Fishing from one of Hobie's kayaks can be a fun and effective way to locate and stalk tailing reds, even in the shallowest waters.
by Larry Chesney | Aug 26, 2020 | FISHING, SALTWATER
Fishing from one of Hobie’s kayaks can be a fun and effective way to locate and stalk tailing reds, even in the shallowest waters.
Being a South Carolina native, I’ve never resided far from saltwater. That’s provided beaucoup opportunities to fish for my favorite sea dweller, the red drum. I’ve also been able to try a number of angling methods for spottails – plunking mullet out at the Charleston jetties, slinging flies, grubs and topwater plugs from small flats boats in the tidal creeks or simply standing on the beach with cut shrimp and a surf rod.
But I’d never fished for channel bass, or anything else for that matter, from a kayak. So when I had the chance to join guide Justin Carter for an afternoon of cruising around the oyster beds off Awendaw just north of Charleston, I jumped on it like a big red on a fiddler crab.
My host was a local guide who is one-hundred-percent kayak. No gas engines for this guy. Not even a little electric motor. But these kayaks aren’t just the traditional garden-variety paddling kind. Carter’s Hobie Pro Anglers are ideal for poling, and they have a pedal system that frees up your hands for casting while your legs do the heavy lifting.
Carter and I spent a comfortably chilly afternoon coursing creeks and mud flats in search of tailing fish and nervous water. As the tide slipped out and then back in, we covered water of varying depths from a few feet to a few inches, using all three means of propulsion. A couple of flats boats sat a quarter mile out from the oyster beds where we were cruising, unable to get back to the grass where the reds fed and hid from ravenous dolphins.
While the fishing was a bit slow, and we spent a few minutes stuck in the muck at dead low tide, the kayak experience was an enjoyable one. To slip along so quietly, leaving little more than a riffle for a wake, is akin to still-hunting for deer with a bow. You become a natural part of the scene and not so much an intruder.
For Justin, the fact that he’s in Charleston allows him to take his kayaks out year-round. Whether he’s after reds, trout, flounder or bonnet-head sharks, something’s always biting in the inshore waters close by.
Fishing from a kayak enables you to reach shallow, tucked-away
backwaters where the big reds are feeding.
“The reds and speckled trout are pretty aggressive in the spring,” Carter says. “They haven’t had a lot to eat for a couple of months. Plus, you have flounder and sheepshead moving back into the creeks.”
Spring can also be a great time to cast flies or artificials at tailing redfish. And as the water warms, topwater plugs are effective mornings and evenings for both trout and reds.
“During the summer we use mainly live bait,” Carter notes, “especially fiddler crabs. It’s a unique experience when the reds are moving along sucking fiddlers out of the holes–to have fish that large feeding in such shallow water.”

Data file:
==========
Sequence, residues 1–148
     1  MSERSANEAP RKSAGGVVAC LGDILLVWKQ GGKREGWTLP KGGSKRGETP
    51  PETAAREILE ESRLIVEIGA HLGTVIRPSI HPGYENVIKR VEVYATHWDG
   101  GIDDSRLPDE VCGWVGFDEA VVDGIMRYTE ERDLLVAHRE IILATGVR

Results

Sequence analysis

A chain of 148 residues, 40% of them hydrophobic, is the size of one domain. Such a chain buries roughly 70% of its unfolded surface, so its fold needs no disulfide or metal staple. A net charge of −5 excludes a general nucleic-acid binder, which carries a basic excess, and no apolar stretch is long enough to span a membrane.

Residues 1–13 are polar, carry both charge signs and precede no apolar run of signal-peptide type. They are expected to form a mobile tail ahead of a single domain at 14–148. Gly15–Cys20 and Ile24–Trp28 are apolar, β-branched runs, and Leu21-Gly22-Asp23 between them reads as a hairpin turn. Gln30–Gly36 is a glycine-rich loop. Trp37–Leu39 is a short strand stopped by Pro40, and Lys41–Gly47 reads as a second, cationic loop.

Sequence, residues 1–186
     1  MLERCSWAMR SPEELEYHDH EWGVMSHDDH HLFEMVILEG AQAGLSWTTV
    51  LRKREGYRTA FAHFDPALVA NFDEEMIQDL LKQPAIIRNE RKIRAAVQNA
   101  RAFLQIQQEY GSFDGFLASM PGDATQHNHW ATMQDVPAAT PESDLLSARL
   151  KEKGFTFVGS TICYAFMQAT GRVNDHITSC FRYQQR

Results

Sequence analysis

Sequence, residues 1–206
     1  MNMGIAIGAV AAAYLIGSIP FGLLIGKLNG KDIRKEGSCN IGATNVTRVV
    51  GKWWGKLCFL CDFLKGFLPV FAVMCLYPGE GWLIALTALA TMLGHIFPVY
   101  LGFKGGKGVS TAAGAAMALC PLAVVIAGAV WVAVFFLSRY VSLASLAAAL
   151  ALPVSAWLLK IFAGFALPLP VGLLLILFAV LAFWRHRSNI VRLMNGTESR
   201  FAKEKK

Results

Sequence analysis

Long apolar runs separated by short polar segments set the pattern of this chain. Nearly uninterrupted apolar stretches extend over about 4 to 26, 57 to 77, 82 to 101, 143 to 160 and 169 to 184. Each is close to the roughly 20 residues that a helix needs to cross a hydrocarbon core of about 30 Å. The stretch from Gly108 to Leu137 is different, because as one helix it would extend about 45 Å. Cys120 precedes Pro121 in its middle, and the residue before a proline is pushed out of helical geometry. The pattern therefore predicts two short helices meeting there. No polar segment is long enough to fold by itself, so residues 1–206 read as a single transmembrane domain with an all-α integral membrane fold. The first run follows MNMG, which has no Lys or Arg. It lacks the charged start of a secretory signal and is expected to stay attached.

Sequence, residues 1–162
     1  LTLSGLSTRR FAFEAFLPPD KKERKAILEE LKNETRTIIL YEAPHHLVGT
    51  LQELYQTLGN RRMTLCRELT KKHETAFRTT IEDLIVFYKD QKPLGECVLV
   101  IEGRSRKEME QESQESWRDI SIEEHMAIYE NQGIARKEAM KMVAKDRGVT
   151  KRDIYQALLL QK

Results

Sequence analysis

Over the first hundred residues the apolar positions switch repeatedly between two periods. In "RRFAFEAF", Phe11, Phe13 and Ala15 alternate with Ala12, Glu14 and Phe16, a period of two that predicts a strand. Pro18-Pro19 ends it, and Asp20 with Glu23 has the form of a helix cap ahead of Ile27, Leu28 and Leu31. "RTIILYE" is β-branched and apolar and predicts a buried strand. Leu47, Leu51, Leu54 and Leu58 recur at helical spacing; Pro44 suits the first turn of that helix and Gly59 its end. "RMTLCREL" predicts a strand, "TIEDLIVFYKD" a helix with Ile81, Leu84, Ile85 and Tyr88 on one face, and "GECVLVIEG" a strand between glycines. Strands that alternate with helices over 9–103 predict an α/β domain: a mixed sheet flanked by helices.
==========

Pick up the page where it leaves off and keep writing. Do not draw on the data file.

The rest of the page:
Come fall, a mixed bag of species remains in the creeks until temperatures drop and the flounder and sheepshead move back to the offshore wrecks and reefs.
“The remaining fish go into a state of almost hyper-activity in the fall,” says Carter. “The baitfish and shrimp are heading out to sea and the fish know that winter’s coming. The redfish and trout are trying to fatten up for the cold weather and the leaner times ahead. That’s probably the best time of the year to throw artificials and put a large number of fish in the boat.”
In winter, when water temps drop below 55 degrees, conditions change drastically. Microorganisms such as plankton, which cloud inshore water most of the year, are killed off, so the water becomes crystal clear down to eight feet or more.
“During the winter months the reds school up, mainly for protection from the dolphins, which no longer have the baitfish to feed on,” Carter says. “The reds and trout become their target to supplement their diet.
“With huge schools of reds in the clear shallows, there are some great sight-casting opportunities. And that’s when the kayaks really come in handy.”
I spoke with Morgan Promnitz at Hobie. Kayak fishing is really growing, he says, and the company continues to add new models to its line, including the new Mirage Tandem Island and Mirage Adventure Island. These 16- and 18-foot kayaks are rigged with a mast and sail. Cool!
“This series of kayaks adds another power source,” says Promnitz. “We’ve seen guys taking them out in Hawaii and catching blue marlin, yellowfin tuna and dorado with these. And the amount of storage space is pretty much tripled in the Mirage kayaks, so you can bring plenty of tackle.”
Promnitz says that The Hobie Islands can really scoot with a good breeze. “If there’s some wind, you can put out the sail and get going at a pretty good trolling speed,” he says. “They can even move fast enough to troll feathers and marlin lures. It’s hard to get that kind of speed otherwise.
“When you add the sail, it’s not really kayak fishing. It’s not really boat fishing. That’s why we call it a new way to fish.”
If you’re not in the mood for cleaning fish, Promnitz says the Mirage sail kayaks are great for just cruising. And don’t worry about capsizing from a strong wind in the billows. Two retracting stabilizers, or amas, will keep you happy-side-up.
These outriggers also allow multiple rods to be placed away from the kayak for trolling. Should you hook up, simply retract the ama and haul tonight’s mahi-mahi teriyaki into the trampoline. The flexible mat attaches to the boat and is ideal for holding fish or tackle.
One of the great things about fishing with Justin Carter is that it all happens around Charleston. So after the fishing is done and you’re ready for a change from all the peddling, paddling, poling and pulling in fish, the Holy City offers a most hospitable and enjoyable respite.